Alabama lawmaker suggests more should become infected with COVID-19 amid state surge

Coronavirus

MONTGOMERY, Ala. (WIAT) — State lawmakers are reacting to Alabama’s record-breaking day in COVID-19 cases.

The state saw it’s largest one-day increase in cases to date. Overnight, the cases jumped by 2,100.

As Alabama’s coronavirus cases shoot up, state lawmakers, like Sen. Del Marsh, say they’re not concerned about the rise in cases.

“In fact, quite honestly, I want to see more people because we start reaching immunity as more people have it and get through it,” Marsh said.

However, Marsh did call the deaths related to coronavirus “troubling” but doesn’t see the state reversing course on openings.

“I don’t think you are going to see this state shutdown again or this country. What you are seeing are people taking responsibility,” Marsh said.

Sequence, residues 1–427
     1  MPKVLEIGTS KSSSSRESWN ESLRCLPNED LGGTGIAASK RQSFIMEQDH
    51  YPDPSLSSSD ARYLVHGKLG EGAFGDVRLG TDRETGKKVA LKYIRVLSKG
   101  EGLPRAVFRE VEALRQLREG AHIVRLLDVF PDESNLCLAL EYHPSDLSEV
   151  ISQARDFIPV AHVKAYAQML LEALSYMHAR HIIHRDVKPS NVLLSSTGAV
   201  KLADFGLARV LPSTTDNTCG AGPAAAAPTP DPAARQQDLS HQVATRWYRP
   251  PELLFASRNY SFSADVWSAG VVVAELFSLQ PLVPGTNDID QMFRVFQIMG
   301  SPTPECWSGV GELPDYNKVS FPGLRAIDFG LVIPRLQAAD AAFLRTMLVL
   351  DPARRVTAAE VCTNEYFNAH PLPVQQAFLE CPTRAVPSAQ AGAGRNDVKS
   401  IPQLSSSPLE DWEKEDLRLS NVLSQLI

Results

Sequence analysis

Sen. Linda Coleman-Madison argues that people aren’t taking the necessary responsibility.

“I think people are very cavalier about it. They go in small [groups], in large groups, they get out and they go to large social gatherings,” Coleman-Madison said.

Dr. Karen Landers with the Department of Public Health is warning that this surge in cases could overwhelm hospitals.

“Not only are we talking about ICU beds and hospital beds, but we’re talking about staff to render care for those patients,” Dr. Landers said.

We reached out to Gov. Kay Ivey about Thursday’s spike in cases. Her office released a statement:

“As Governor Ivey has said time and time again, this virus is real, and it is deadly. We need every Alabamian – young and old, and in every area across the state – to take the Coronavirus seriously. We cannot expect to make progress, if each and every one of us doesn’t do our own part. That means we must practice social distancing, exercise smart health practices, wear a mask and use common sense. We are under a Safer at Home order here in Alabama, and there are guidelines in place as we continue looking ahead to our safe reopening of the state. Governor Ivey said it best, and that is that personal responsibility means it is everyone’s responsibility.

Gov. Kay Ivey’s Office

Gov. Ivey and State Health Officer Dr. Scott Harris continue closely monitoring the evolving COVID-19 situation and are aware of where our state currently stands with the virus.


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